Projected Federal Reserve Activity Timeline through 2016
Here is what we know, with a degree of certainty, as of now with respect to future Federal Reserve (“Fed”) activities:
- Fed Chair Janet Yellen said her expectation for the first increase in the Federal Funds Target Rate would come approximately six months following the end of the asset purchase program – through the infamous “tapering process”.
- The median rate forecast of Fed policymakers for the end of 2016 currently is 2.25% (which may ultimately prove to be too aggressive), raised from 1.75% back in December 2013.
We, at Hennion & Walsh, also contend that:
- The Fed will continue on its current pace of a $10 billion reduction of its bond purchase program following the completion of each of its scheduled FOMC meetings in 2014. This should bring the tapering process to a close in the fall of this year.
- When it does begin to raise interest rates in 2015, the Fed will likely follow its blueprint that it utilized during the 2004-2006 tightening period when it gradually raised the Federal Funds Target Rate on 17 different occasions in 25 Basis Point (0. 25%) increments over this timeframe. This gradual, drawn-out tightening is appropriate, in our view, given the Goldilocks state of the U.S. economy which is not “too hot” to warrant a shorter tightening timeframe or larger increments of increases and not “too cold” where the Fed would consider additional stimulus measures (including, but not limited to, maintaining current record low interest rate levels for an even further extended period of time).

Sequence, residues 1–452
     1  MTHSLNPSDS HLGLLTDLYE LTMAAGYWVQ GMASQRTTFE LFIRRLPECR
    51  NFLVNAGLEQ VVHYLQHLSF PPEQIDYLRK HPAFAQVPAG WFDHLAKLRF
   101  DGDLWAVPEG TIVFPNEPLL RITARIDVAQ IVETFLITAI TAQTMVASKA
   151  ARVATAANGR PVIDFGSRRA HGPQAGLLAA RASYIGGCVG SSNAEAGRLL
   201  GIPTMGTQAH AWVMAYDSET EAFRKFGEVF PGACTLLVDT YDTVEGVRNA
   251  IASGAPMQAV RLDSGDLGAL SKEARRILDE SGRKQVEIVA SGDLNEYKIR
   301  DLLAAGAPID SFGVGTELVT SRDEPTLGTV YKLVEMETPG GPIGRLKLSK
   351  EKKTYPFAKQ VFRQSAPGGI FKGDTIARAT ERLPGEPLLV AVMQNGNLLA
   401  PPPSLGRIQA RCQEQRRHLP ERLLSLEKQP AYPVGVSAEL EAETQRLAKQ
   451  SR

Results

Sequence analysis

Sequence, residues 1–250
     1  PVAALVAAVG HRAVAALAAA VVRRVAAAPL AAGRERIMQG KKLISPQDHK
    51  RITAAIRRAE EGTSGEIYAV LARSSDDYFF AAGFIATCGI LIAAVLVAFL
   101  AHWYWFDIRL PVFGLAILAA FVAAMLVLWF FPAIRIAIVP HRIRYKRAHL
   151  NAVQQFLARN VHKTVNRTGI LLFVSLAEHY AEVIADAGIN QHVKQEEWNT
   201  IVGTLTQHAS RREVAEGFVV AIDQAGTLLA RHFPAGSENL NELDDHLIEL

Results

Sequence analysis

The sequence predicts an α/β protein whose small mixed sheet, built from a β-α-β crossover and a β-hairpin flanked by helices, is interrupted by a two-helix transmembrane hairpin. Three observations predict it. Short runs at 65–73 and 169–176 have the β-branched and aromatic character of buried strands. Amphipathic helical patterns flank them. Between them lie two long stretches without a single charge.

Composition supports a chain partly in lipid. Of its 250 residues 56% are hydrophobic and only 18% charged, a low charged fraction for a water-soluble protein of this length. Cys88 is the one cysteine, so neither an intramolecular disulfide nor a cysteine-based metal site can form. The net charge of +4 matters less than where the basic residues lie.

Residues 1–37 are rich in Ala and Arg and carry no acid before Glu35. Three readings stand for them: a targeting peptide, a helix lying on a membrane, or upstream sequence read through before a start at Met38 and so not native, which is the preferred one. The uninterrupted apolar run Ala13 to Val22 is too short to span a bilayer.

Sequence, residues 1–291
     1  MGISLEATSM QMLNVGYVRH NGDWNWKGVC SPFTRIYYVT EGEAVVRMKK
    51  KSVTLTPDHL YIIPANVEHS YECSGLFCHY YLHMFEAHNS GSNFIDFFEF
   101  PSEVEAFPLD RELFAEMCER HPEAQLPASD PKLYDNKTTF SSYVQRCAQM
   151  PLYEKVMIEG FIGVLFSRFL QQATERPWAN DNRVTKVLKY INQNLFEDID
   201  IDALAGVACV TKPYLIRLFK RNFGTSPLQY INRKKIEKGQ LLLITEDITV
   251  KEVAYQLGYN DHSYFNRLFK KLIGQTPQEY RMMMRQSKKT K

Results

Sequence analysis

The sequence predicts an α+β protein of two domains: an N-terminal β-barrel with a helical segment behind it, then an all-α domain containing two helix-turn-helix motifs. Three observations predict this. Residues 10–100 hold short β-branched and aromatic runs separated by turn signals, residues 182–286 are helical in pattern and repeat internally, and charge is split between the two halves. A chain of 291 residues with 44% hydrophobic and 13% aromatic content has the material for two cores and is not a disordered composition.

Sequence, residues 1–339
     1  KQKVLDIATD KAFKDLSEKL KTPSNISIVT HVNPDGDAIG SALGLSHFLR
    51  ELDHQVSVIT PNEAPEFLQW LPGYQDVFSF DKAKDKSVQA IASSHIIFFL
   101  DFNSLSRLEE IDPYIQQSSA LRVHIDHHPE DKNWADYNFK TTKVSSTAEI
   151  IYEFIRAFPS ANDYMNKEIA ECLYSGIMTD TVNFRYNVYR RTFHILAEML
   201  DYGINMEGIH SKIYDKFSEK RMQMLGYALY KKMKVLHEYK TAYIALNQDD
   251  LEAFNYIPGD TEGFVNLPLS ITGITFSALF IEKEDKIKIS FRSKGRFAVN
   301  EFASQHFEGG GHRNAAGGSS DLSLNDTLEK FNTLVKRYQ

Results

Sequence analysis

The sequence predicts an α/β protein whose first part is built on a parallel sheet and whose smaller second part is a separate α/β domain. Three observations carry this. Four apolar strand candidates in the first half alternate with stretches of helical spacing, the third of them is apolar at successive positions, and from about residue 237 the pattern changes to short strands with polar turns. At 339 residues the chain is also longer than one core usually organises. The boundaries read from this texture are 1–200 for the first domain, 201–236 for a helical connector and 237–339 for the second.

As a result of what we know, based upon what the Fed has communicated, and what we contend, based upon current economic data reports and forecasts, here is our current projected Fed activity timeline through the end of 2016. Please note: 2016 FOMC meeting dates are estimates based upon recent history and not confirmed.
All of this depends upon the economy continuing to show signs of consistent growth in the months ahead to allow the Fed to feel comfortable beginning their closely monitored tightening process. To this end, the International Monetary Fund (“IMF”) recently cut its Gross Domestic Product (“GDP”) growth estimate for the U.S. to 2% for 2014, down from the 2.8% that it has forecasted for the year as recently as April. While the IMF is still forecasting 3% annualized GDP growth in 2015, it also forecasts weaker potential growth of “around 2%” for the next several years due to the effects of population aging and more modest prospects for productivity growth according to MarketWatch.com. These forecasts coincide with our earlier mentioned Goldilocks analogy though if growth hovers “around 2%” for too long or dips below 2% this would then fall into the “too cold” camp and may require the Fed to alter its tightening activity timeline.